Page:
Russian meals are usually highly dependent on various meats and fish, with sides of potato or pasta starches being extremely common. Typical Russian preparations include bliny, a thinly styled pancake, pickled herring or salmon, and both sweet and savory pies, called piroghi when large and pirozhki when small.
Russian breakfasts are usually the smallest meal of the day, being eaten between seven and eight, and often consisting of porridge fashioned from various grains, eggs, cottage cheese (tvorog) or a small sandwich called butterbrots. Lunch, alternatively, is the largest meal of the day, with multiple courses including soup, meat, vegetables and a starch. The third lunch course usually includes cakes or sweets, tea or coffee, or a non-alcoholic fruit drink named kompot.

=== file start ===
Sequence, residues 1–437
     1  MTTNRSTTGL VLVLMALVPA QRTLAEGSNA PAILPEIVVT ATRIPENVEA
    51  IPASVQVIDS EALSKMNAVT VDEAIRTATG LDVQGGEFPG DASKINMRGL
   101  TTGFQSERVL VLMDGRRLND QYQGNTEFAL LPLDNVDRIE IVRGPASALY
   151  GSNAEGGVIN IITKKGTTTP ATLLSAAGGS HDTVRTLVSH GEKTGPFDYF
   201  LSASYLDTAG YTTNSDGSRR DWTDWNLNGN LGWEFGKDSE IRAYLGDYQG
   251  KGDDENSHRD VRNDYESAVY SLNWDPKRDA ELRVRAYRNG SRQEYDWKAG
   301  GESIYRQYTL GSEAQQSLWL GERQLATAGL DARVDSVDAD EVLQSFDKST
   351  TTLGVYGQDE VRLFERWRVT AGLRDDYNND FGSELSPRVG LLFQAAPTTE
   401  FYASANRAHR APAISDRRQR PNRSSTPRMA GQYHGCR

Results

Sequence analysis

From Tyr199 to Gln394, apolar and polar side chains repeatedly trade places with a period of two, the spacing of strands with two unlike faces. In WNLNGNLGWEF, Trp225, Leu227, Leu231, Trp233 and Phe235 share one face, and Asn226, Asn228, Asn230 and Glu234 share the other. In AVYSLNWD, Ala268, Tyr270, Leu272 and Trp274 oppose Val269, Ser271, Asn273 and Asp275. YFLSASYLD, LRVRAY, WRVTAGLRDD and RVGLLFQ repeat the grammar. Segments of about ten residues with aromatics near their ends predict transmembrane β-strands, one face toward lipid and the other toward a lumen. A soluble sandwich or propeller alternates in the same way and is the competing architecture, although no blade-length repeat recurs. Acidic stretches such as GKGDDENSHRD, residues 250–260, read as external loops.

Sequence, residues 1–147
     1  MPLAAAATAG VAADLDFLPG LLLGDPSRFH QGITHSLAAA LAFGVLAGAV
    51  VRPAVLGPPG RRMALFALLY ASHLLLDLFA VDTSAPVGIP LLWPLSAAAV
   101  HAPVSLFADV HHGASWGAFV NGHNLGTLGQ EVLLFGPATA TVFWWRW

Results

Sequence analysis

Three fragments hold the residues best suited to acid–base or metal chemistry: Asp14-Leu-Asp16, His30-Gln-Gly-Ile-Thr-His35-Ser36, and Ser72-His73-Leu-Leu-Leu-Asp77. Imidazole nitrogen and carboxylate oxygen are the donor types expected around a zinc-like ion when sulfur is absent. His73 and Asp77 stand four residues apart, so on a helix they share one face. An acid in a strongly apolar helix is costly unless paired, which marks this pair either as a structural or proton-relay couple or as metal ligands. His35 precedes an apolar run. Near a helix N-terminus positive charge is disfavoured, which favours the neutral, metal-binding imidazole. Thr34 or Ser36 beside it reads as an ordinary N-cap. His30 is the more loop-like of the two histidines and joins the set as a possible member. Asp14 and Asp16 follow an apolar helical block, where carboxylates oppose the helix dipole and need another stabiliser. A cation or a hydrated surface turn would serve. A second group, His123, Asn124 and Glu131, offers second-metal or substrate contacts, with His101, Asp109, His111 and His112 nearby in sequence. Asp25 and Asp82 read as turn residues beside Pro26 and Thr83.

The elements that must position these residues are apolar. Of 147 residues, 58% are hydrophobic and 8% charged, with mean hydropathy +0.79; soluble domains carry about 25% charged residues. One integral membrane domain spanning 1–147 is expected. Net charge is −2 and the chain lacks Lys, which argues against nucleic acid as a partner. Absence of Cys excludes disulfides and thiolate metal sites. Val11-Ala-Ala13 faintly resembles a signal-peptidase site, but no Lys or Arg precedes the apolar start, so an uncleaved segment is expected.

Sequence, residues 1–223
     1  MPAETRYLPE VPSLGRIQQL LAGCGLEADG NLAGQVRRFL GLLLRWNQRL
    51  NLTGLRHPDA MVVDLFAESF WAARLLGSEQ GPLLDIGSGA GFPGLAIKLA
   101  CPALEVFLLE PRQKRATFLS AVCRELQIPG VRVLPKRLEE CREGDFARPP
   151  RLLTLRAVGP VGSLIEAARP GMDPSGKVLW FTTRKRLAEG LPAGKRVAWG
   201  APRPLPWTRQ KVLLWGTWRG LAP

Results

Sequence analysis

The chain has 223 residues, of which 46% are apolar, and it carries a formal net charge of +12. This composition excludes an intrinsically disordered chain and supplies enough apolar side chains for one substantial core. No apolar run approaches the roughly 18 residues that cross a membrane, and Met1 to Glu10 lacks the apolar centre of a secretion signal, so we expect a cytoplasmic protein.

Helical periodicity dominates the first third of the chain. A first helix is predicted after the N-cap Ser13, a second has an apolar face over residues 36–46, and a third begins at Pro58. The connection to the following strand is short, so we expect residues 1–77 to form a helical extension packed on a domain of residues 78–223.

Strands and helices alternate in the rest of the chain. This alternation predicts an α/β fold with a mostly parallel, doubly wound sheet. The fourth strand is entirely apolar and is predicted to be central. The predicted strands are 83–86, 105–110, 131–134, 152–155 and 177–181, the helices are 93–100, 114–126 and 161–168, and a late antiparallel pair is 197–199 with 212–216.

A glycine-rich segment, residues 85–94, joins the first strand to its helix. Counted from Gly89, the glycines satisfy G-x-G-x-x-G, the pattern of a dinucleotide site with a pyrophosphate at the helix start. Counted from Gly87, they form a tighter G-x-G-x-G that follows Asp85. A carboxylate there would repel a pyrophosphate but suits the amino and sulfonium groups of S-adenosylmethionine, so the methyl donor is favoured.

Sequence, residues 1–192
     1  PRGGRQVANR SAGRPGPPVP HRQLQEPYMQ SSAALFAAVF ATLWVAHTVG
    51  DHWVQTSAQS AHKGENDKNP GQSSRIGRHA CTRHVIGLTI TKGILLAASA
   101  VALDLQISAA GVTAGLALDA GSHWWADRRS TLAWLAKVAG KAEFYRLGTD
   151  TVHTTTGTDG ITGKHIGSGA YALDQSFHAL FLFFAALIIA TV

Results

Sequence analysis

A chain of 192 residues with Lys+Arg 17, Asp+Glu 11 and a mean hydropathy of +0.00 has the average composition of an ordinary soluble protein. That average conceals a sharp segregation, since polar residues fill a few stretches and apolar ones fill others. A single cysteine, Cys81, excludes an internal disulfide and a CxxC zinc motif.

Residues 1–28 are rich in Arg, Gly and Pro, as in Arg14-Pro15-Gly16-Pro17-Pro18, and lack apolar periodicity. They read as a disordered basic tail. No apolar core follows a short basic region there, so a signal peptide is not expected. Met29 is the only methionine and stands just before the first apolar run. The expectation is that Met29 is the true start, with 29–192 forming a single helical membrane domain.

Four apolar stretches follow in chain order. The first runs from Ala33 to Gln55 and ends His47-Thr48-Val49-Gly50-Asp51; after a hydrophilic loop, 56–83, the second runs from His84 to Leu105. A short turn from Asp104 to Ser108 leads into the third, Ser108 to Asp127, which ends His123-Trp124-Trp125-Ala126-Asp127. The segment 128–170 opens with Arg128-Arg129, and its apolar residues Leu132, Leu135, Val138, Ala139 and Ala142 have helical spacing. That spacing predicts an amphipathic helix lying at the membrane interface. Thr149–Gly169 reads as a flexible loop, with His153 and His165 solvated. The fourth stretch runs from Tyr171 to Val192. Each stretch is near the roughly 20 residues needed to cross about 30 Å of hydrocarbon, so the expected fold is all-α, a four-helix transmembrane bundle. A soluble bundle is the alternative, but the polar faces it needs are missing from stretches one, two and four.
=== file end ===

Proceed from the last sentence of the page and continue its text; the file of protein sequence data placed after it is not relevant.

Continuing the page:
Dinner usually occurs in late evening, when the entire family is home and able to share the meal together. Dinner is slightly smaller than lunch, often comprised of a few appetizers, meat or fish, and potatoes. The entire family also enjoys a fermented beverage called Kvass, which is made from rye bread and is only slightly alcoholic. Russian culture places enormous importance on bread, with rye or "black" bread being the most popular and beloved. It is not unusual for a Russian family of four to eat an equal number of loaves per day.